One of the first releases for SNK’s Neo Geo console, Ninja Combat is unsurprisingly a little rough around the edges. Graphically it’s not really a massive leap up from the likes of the SNES or Megadrive/Genesis (bear in mind that when this game was first published it set you back nearly four times the amount of a SNES game) and in terms of gameplay it doesn’t really come close to the likes of Streets of Rage or Final Fight – although it does at least try to do something new with the scrolling fighter genre.
For example, instead of punching or kicking your opponents, your character hurls throwing stars. This means that your standard attacks have a considerable range on them, which makes the game feel almost like a shooter at times! In addition to this you also have a ‘charge’ attack, where holding down the appropriate button for a length of time and then releasing it results in a magical special move, which helpfully engulfs the surrounding play area. The trade off is obviously in the time it takes for the move to fully charge, during which you’re vulnerable. It’s worth noting that pulling off this impressive technique depletes your four-section life bar by one segment.
As well as possessing jumping and rolling attacks, your ninja avatar can pick up various weapons that litter each stage. These range from samurai swords to nunchucks, and not surprisingly they increase the offensive impact of your attacks, making it easier to clear the levels of pesky enemies.
Sadly, there’s no grappling moves of any description, which in our opinion severely limits the appeal of the game. Being able to grab an enemy and then hurl them into onrushing foes is one of the simple things that makes the aforementioned Streets of Rage and Final Fight so appealing. As you might imagine, Ninja Combat therefore becomes extremely repetitive after prolonged play.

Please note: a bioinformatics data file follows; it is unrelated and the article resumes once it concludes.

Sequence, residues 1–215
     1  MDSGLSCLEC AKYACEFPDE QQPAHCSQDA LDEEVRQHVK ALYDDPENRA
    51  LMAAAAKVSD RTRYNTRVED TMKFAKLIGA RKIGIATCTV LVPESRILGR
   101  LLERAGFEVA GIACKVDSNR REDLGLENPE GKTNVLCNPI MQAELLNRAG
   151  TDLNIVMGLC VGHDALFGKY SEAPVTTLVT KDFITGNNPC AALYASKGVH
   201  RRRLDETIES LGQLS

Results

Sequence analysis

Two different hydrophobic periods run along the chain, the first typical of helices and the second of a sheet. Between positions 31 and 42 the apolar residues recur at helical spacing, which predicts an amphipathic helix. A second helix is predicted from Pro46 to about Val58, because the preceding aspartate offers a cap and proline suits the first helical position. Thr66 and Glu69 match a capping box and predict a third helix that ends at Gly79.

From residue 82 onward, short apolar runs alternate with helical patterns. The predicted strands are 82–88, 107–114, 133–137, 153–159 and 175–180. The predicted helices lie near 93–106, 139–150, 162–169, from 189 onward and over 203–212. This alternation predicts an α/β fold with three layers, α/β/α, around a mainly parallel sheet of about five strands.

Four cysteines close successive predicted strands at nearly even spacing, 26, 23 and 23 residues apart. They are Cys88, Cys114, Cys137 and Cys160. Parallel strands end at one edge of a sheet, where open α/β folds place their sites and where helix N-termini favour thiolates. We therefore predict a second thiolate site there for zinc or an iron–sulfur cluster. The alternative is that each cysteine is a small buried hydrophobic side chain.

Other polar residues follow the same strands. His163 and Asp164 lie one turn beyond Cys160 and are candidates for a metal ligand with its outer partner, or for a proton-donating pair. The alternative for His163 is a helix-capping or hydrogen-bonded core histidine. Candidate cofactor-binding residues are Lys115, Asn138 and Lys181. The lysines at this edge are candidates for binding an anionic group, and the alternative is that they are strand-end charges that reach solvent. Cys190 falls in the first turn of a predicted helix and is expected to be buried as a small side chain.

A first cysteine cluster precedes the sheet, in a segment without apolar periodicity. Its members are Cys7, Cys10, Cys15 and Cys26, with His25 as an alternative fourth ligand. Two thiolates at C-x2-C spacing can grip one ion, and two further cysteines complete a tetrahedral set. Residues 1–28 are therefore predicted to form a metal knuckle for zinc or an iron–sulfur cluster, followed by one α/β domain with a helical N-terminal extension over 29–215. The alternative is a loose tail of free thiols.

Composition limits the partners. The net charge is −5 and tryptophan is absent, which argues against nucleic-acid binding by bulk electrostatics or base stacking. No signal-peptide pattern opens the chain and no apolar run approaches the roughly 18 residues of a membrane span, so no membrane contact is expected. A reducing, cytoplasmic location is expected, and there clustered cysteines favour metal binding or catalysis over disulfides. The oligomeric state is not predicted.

We’ve already touched upon the rather uninspiring visuals, but seeing as the Neo Geo has a reputation for graphical splendor (although to be fair this is based more on the titles released later in the lifespan of the console) it’s worth examining them further. Ninja Combat showcases some particularly goofy-looking sprites; granted, they’re colourful and detailed, but the design generally leaves a lot to be desired. The main heroes walk like they’ve had an accident in their undergarments and enemy characters don’t fare much better. Although there’s a nice variety in the number of different foes to face, none of them really come across as well-drawn or animated.
If you’re seriously addicted to scrolling fighting titles then this might entertain to a limited degree, but it pales into insignificance when placed alongside some of the shining lights of the genre. Veteran Neo Geo addicts may have some treasured memories of this, seeing as it was one of the very early titles for the elite console, but in the cold light of day it’s hard to get excited about such a lifeless piece of software. Our advice is to wait for some of the more appealing Neo Geo classics to make their way to the Virtual Console.